Challenges of School as a Working Adult, and How to Face Them
Adults face many challenges when they add school to a job. For example, you'll need to fit in study time, class time, and homework assignments around your work schedule. To solve this problem, look for a school that offers many different class time-slots. In asynchronous online classes, the material is posted online so you can work on it at your own pace. The professor's lectures will be recorded, and student discussions happen on a class forum.
Your friends and family might have trouble understanding why you have less time for them. You can explain to them why you want to go back to school and what your degree will help you accomplish. This can get them excited about your plan, and they can be your best cheerleaders. It could even be fun to involve them in your studying. You could make flash cards about the concepts in your textbook. Your friends and family could hold the flash cards and quiz you about your new knowledge.
It may have been a while since you took a class, and it can be hard to get back in the habit of effective studying. Many schools offer study centers or online study guides and success tips. When you're considering a college, ask about what's offered.
You might need to take classes in subjects you don't remember very well. Before you enroll officially, try doing some study on your own. You can read textbooks or library books, or you can use free online lessons in those subjects. This is a low-risk way to get some practice and renew your familiarity with the subject. Some free online lessons are provided by universities. Others are provided by non-college entities.
Worry about being unsuccessful might scare you away from trying at all. Some primarily-online colleges offer trial enrollment programs. With these, you can test out the learning environment and maybe even try real classes. After a few weeks, if you don't think the college is for you, you can stop with no obligation and no tuition cost.
You might worry about finding the academic discipline you want at a school near you. Online degrees solve this problem easily. If you can use a computer to access the Internet, a wide variety of programs open up to you, no matter where in the country you live.
Find schools that offer these popular programs
- Biological and Biomedical Sciences
- Communications and Journalism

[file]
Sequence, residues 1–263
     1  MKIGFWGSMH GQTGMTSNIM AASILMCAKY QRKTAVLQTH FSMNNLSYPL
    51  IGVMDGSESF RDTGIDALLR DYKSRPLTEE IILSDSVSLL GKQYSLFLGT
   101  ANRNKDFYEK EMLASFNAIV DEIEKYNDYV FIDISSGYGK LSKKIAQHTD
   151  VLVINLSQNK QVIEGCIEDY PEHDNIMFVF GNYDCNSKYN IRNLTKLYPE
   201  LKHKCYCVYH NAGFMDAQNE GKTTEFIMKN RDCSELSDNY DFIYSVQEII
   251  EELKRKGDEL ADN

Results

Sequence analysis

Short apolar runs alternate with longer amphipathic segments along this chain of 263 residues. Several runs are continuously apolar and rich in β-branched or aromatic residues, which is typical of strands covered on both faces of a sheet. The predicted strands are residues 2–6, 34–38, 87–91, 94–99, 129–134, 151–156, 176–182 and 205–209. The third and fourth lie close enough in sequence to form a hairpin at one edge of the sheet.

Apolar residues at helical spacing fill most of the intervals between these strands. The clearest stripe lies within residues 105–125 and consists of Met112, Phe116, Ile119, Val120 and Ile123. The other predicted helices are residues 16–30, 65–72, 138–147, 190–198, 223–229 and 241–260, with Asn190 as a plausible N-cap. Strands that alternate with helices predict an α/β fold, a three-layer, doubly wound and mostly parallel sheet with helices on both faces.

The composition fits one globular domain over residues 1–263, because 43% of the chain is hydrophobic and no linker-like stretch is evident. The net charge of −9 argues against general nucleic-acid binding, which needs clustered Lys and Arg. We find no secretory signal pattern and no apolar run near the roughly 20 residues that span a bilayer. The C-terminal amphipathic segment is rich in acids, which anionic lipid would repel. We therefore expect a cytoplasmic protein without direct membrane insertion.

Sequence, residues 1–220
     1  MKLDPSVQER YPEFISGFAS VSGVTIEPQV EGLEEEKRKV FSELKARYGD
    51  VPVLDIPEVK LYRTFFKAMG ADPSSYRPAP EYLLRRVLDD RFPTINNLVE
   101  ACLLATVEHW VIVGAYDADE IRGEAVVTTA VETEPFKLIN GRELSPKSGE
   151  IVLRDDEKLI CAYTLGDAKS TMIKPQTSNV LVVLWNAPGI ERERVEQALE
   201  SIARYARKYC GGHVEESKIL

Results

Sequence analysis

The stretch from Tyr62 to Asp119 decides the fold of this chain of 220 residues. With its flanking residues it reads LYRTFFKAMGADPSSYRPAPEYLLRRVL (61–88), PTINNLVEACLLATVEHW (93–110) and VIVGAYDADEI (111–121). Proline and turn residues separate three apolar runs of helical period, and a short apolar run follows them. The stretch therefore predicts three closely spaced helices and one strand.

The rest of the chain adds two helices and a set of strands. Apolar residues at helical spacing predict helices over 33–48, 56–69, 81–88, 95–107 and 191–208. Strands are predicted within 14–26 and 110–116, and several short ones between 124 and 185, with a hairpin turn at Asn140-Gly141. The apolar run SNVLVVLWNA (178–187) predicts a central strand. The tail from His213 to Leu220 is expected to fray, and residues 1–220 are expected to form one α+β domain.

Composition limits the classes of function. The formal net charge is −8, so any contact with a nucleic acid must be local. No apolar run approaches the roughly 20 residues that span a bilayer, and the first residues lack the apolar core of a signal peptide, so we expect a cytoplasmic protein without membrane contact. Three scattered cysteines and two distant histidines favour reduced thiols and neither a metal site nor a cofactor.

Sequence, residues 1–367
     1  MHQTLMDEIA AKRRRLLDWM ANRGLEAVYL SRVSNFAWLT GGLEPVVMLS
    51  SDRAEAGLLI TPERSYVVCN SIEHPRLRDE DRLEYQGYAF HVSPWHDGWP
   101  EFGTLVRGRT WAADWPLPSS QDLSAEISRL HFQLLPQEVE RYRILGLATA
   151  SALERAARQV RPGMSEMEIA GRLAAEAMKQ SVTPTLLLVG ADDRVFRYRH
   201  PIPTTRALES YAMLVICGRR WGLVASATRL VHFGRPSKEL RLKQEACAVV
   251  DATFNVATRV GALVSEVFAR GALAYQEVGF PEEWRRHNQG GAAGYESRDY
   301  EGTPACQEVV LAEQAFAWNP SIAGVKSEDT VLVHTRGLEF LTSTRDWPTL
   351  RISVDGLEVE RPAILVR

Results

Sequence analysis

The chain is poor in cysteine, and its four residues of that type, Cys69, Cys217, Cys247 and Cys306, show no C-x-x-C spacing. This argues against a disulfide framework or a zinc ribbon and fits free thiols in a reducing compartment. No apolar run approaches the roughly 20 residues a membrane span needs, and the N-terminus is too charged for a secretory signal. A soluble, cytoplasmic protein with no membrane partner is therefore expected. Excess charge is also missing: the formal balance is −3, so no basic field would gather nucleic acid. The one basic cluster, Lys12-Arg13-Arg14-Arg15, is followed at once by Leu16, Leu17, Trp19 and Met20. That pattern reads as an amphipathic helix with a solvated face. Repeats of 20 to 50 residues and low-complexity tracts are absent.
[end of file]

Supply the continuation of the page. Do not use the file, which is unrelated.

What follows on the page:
- Computer Sciences
- Culinary Arts and Personal Services
- Liberal Arts and Humanities
- Mechanic and Repair Technologies
- Medical and Health Professions
- Physical Sciences
- Transportation and Distribution
- Visual and Performing Arts
Online School Qualities Important to Working Adults
When you choose a college that holds legitimate accreditation, you improve the chances that employers and other organizations will respect your accomplishment. Accreditation means that an agency has reviewed the school's programs for vigor. Not all accreditation agencies are equal! The most reputable accreditation agencies are acknowledged by the U.S. Department of Education, the Council for Higher Education Accreditation, or both.
Some academic disciplines also have targeted field-specific programmatic accreditation agencies. You'll want to find out whether your field has programmatic accreditation and whether your school holds it if so. Programmatic accreditation can be especially important if your profession requires licensure. A degree from a school without programmatic accreditation may not qualify you to practice in every state.
You might be pursuing a degree in order to get a promotion with your current employer, but why take chances? Be prepared: find out what career services a school offers before you sign up. Some career services offices can help you brush up your resume and even provide job referrals.
You don't want just any degree; you want one that will help you achieve your goals. Schools with a wide array of programs can help you meet your dream, whatever your field of study and whatever degree level you need. Some colleges may offer ways for you to work toward one degree while counting credits toward a higher degree too.
You want to feel comfortable where you go to class. For an online school, that means feeling confident in the systems you'll use to access lectures, contribute to class discussion forums, and turn in assignments. Find out what the system is like before you enroll to make sure that you'll have the tech-savvy to be successful.
When you enroll in an online school, you probably can't meet your classmates at a local coffee shop or visit your professor's office after class. You'll want to make sure that the faculty are supportive. Ideally, the school will facilitate a friendly online student community. Find out what kind of study help is offered. Class size is another important factor. A low student-faculty ratio enables the professor to give you the attention you deserve.
Busy schedule? Can't make a lecture at the same time every week? At many online schools, that's no problem. Discussion forums can stretch a class discussion over several days. Every insight is preserved for each student to read, whether you're kicking off the discussion at 5 a.m. or getting in the last word just before midnight.
When you say, 'I'm getting my degree at ...,' you don't want to hear your boss say, 'Where?' Find out what programs are well respected in your field. Trade journals, ranking lists, professional forums and even your own contacts can help you evaluate which online college will bring you closest to your goal.